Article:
Sir Nicholas Grimshaw to receive Royal Gold Medal for Architecture
- UK’s highest honour for architecture is approved personally by Her Majesty The Queen
- Renowned British architect awarded for his sustained contribution to architecture in the UK and globally
- Grimshaw is best known for his Modernist public buildings and large-scale infrastructure projects including the Eden Project and the International Terminal at London’s Waterloo station
The Royal Institute of British Architects (RIBA) is pleased to announce Sir Nicholas Grimshaw will receive the 2019 Royal Gold Medal, the UK’s highest honour for architecture.
Given in recognition of a lifetime’s work, the Royal Gold Medal is approved personally by Her Majesty The Queen and is given to a person or group of people who have had a significant influence 'either directly or indirectly on the advancement of architecture'.
Playing a leading role in British architecture for more than half a century, Nicholas Grimshaw is arguably best-known for the landmark International Terminal at London’s Waterloo station and the visionary Eden Project in Cornwall.
Linked by their scale and complexity, these two buildings illustrate Grimshaw’s extraordinary innovative approach to architecture and his modernist signature. Built within a superstructure of glass and steel, the International Terminal won the RIBA Building of the Year Award (the precursor to the RIBA Stirling Prize) in 1994 and is applauded as an exemplar of British transport architecture. The bubble-like biome structures of the Eden Project transformed a redundant clay pit into a world-renowned ecological centre and quickly became one of the UK’s most popular visitor attractions.
Nicholas Grimshaw established his own practice in 1980 and over the decades since, he and his team have created an impressive portfolio of built projects all around the world. From a suite of factories for Herman Miller, to innovative apartments in Regent’s Park and Camden Town, from a Spa in historic Bath to the Ludwig Erhard Haus in Berlin. Today, his firm employs over 600 staff with offices in Los Angeles, New York, London, Doha, Dubai, Kuala Lumpur, Melbourne and Sydney.
Grimshaw has chaired numerous national and international juries for both competitions and awards. He has lectured extensively around the world, examined and taught widely and is a Past President of the Royal Academy. In this latter role he played a key part in creating the newly opened extension of the Royal Academy at Burlington Gardens. His influence on and support of a generation of architects has a lasting and profound impact on the practice of architecture today.
On hearing the news that he will receive the Royal Gold Medal in 2019, Sir Nicholas Grimshaw says,
“I am thrilled to hear about the Gold Medal and would like to thank those who supported my nomination. My life, and that of the practice, has always been involved in experiment and in ideas, particularly around sustainability; I have always felt we should use the technology of the age we live in for the improvement of mankind. I would like to thank everyone who has ever worked in the office for contributing to our bank of ideas, and for helping to make it an enjoyable and humanistic place.”
RIBA President, Ben Derbyshire says,
“It was my privilege to chair the panel that selected Sir Nicholas Grimshaw for UK architecture’s highest accolade. For more than half a century, Sir Nicholas’s influence has been exceptional.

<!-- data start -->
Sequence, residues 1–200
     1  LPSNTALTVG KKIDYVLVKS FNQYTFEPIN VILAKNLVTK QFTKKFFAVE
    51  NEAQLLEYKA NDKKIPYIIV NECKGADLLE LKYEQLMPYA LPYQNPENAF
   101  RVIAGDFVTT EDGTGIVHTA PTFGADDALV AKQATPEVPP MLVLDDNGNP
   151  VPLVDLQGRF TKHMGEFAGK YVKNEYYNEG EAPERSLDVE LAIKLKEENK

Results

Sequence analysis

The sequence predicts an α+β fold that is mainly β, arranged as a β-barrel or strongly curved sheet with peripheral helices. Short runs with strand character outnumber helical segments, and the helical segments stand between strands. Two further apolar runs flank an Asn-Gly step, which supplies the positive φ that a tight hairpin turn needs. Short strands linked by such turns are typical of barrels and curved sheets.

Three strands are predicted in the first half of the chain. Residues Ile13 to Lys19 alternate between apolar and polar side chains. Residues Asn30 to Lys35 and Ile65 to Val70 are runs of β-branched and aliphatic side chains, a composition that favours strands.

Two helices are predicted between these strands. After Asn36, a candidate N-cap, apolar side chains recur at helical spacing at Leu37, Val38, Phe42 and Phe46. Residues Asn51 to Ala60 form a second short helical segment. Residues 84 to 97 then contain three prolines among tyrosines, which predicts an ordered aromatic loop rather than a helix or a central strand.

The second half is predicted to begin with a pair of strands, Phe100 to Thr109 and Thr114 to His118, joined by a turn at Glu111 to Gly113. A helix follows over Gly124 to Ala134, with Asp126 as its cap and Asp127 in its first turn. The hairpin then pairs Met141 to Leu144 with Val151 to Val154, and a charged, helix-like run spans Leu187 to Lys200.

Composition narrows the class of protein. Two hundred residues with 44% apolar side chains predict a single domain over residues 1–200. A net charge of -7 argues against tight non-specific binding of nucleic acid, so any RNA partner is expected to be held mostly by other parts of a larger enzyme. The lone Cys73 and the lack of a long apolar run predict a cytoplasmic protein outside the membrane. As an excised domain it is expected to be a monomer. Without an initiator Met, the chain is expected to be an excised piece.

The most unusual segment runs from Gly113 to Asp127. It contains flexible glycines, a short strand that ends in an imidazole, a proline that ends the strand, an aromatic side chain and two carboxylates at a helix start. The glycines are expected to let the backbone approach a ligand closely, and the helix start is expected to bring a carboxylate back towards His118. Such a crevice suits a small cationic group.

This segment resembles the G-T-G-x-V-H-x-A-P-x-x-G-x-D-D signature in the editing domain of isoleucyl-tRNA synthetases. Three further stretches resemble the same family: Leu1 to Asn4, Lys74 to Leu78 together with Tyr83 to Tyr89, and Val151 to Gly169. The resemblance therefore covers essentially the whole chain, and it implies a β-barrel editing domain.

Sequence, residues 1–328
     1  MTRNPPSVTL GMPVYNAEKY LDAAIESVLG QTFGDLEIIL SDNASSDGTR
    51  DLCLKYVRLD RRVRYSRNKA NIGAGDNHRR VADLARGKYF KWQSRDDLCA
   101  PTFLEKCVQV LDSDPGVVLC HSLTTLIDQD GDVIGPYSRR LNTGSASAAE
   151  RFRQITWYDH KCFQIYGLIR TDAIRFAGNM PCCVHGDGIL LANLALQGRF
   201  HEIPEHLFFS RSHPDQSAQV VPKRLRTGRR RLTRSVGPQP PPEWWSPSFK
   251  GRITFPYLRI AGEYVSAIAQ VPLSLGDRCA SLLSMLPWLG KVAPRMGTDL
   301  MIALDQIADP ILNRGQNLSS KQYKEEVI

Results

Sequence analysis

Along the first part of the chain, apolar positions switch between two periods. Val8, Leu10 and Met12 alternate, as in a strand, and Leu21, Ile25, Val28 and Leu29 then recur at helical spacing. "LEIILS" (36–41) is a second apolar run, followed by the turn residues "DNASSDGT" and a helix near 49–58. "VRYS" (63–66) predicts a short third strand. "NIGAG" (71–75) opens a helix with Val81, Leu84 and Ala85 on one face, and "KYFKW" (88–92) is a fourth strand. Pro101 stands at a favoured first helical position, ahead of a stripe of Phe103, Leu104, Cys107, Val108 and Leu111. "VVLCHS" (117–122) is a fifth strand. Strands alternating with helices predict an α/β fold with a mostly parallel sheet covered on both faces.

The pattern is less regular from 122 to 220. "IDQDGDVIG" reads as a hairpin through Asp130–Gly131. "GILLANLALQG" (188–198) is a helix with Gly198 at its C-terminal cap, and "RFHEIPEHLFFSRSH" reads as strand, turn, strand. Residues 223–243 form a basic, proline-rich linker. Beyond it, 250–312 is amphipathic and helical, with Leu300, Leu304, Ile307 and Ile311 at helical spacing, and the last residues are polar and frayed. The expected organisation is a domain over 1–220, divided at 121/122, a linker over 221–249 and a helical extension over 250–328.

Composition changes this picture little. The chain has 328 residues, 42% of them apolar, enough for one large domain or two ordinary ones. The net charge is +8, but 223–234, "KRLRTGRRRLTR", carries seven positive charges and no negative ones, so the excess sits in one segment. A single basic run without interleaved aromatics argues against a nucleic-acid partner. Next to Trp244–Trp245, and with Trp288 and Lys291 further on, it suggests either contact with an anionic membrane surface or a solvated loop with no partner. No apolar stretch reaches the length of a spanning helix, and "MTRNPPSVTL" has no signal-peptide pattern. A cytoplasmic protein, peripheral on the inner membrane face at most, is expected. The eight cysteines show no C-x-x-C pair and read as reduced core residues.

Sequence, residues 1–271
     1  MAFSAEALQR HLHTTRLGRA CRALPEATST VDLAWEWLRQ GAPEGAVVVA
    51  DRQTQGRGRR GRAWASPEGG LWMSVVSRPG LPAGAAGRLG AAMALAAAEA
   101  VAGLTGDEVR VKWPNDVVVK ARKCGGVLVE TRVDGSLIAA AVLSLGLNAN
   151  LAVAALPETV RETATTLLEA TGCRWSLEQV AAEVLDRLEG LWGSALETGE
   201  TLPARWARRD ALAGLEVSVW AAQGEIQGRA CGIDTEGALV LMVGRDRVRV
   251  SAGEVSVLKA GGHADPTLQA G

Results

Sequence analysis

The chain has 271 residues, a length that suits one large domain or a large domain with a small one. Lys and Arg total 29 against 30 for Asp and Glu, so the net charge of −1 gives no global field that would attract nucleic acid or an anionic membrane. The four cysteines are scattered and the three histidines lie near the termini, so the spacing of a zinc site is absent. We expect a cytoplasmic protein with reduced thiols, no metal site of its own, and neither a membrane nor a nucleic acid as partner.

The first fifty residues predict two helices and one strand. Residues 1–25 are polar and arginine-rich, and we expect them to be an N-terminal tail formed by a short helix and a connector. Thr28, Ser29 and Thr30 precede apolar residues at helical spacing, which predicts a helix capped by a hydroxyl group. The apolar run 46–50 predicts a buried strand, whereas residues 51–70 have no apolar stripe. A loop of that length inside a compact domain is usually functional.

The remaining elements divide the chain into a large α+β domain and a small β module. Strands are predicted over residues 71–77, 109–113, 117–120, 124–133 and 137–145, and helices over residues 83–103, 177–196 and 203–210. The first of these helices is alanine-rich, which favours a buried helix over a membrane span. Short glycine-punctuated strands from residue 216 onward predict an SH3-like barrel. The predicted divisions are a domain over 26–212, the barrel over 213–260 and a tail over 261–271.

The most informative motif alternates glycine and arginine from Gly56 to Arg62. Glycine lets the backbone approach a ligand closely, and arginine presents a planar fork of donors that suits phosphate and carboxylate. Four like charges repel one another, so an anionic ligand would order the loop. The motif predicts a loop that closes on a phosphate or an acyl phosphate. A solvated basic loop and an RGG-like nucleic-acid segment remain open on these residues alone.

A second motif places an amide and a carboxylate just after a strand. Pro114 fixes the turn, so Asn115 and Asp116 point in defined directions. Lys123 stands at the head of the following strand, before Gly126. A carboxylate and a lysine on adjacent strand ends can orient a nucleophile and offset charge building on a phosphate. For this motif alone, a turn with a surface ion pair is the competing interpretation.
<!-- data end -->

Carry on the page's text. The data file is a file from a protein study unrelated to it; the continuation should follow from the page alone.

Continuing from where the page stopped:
He is responsible for an extraordinary number of buildings and infrastructure projects of international significance, and for the continuous development of an architecture which places technology at the heart of the aesthetic.
His influence on architecture extends beyond his work as a practitioner. He is an educator, champion for the UK architectural profession and for culture more widely. He is an inspiration to a future generation of architects and his recognition with this Royal Gold Medal is well overdue.”
The Royal Gold Medal will be presented to Sir Nicholas Grimshaw at a special ceremony in early 2019.
Notes to editors
- For more press information contact: Elise Neve – email@example.com 020 7307 3761
- Images can be downloaded from https://riba.box.com/v/RGM2019
- For more information on the Royal Gold Medal visit www.architecture.com/royalgoldmedal
- The 2018 Royal Gold Medal Selection Committee comprised RIBA President Ben Derbyshire (Chair); Lady Patty Hopkins (RIBA Gold Medallist 1994), Professor Bob Shiel (Bartlett School of Architecture), Wasfi Kani (Honorary Fellow 2018) and Pat Woodward (RIBA and Matthew Lloyd Architects).
- The Royal Institute of British Architects (RIBA) is a global professional membership body that serves its members and society in order to deliver better buildings and places, stronger communities and a sustainable environment. www.architecture.com Follow us on Twitter for regular RIBA updates www.twitter.com/RIBA
- Sir Nicholas Grimshaw - Biography: Sir Nicholas Grimshaw graduated with Honours from the Architectural Association in 1965; he immediately started in practice and won many awards for his early work. Notable buildings include International Terminal Waterloo, the British Pavilion Expo ’92 in Seville, and the Eden Project. In 1980, Grimshaw Architects was formed and now has over 600 people employed in eight studios worldwide. Sir Nicholas was elected to the Royal Academy of Arts in 1994 and was its President from 2004 to 2011. He has lectured in 23 countries and Grimshaw Architects has now won over 200 awards internationally. He continues to lead the partnership as Chairman.